Communication with your employees is essential. While it may seem that some of your long-term employees know what you need before you ask, all of your employees value clear communication.
One of the most important ways you communicate with your employees is through your employee handbook. If the manual is missing information, however, your staff could end up frustrated and confused about your expectations.
These are some of the subjects that employee handbooks commonly miss.
You know what you want your employees to do when they show up to work, but they may not understand it the same way you do. If you expect your employees to achieve specific metrics, those need to be clear in the handbook, their job description or both.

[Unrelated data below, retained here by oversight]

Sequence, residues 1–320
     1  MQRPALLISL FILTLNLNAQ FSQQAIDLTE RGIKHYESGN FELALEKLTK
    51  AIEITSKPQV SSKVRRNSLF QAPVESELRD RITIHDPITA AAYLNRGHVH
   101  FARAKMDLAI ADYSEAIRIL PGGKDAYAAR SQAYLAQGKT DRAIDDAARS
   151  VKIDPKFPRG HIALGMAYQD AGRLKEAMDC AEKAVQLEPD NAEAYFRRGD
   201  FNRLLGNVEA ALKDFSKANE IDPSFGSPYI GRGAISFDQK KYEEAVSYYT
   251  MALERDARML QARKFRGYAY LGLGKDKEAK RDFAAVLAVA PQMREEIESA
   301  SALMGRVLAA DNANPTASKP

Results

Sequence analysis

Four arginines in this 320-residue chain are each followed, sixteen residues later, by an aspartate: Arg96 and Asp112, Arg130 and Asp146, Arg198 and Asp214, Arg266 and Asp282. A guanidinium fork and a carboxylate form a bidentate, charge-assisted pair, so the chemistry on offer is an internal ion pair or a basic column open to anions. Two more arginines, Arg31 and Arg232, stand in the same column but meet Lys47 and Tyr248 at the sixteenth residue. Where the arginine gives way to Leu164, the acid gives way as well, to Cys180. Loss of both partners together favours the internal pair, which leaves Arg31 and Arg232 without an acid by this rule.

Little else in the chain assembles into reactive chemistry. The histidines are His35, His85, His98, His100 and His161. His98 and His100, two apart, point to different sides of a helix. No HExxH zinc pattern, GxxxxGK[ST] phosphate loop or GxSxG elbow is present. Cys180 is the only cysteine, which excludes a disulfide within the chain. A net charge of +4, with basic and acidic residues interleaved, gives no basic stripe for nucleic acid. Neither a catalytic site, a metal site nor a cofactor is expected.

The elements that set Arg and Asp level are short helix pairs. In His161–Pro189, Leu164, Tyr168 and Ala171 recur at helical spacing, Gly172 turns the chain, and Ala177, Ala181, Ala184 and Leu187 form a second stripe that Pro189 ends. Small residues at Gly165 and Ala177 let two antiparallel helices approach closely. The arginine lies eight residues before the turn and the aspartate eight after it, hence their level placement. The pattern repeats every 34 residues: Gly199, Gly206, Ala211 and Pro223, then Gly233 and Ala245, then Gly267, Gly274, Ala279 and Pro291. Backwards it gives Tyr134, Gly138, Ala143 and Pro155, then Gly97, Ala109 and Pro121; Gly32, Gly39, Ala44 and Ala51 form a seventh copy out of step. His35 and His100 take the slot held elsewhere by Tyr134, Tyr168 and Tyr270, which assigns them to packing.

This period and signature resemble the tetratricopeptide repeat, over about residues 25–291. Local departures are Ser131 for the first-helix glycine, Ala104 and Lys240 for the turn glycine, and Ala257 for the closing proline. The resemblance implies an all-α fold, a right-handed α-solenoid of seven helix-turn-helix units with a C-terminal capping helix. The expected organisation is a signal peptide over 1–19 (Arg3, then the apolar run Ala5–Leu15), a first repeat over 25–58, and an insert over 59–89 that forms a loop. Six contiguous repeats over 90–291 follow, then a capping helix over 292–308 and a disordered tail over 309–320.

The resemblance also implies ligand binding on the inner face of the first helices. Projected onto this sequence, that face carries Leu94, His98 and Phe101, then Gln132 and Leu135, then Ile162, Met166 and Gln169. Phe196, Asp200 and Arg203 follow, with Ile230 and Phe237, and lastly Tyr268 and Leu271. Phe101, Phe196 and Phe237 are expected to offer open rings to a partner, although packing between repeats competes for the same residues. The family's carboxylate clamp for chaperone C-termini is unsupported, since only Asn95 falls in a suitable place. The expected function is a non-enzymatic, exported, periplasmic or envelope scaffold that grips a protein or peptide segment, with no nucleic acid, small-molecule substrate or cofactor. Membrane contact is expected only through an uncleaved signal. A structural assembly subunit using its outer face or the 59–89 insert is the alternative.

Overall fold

If you have not looked at the numbers behind how your employees work, start by observing them. Watch people on the whole spectrum of how much work they complete and why they complete it faster or slower than their peers.
Once you have an estimation for your expectations, talk to your employees about your expectations. They might be able to give you more insight behind the action you observed. After you have developed your expectations, talk to your employees about the goals and what happens if they fall behind.
Depending on the hours your employees work, you might be required to offer them breaks during their shifts.
Your employee handbook should include which breaks are paid and which are unpaid. You should also let them know if you schedule their breaks or if they have the option of taking breaks when they want them.
When you give your employees clear communication about your expectations, you are more likely to have fewer discipline problems. The first step is making sure your employee handbook is a complete resource for when they have questions.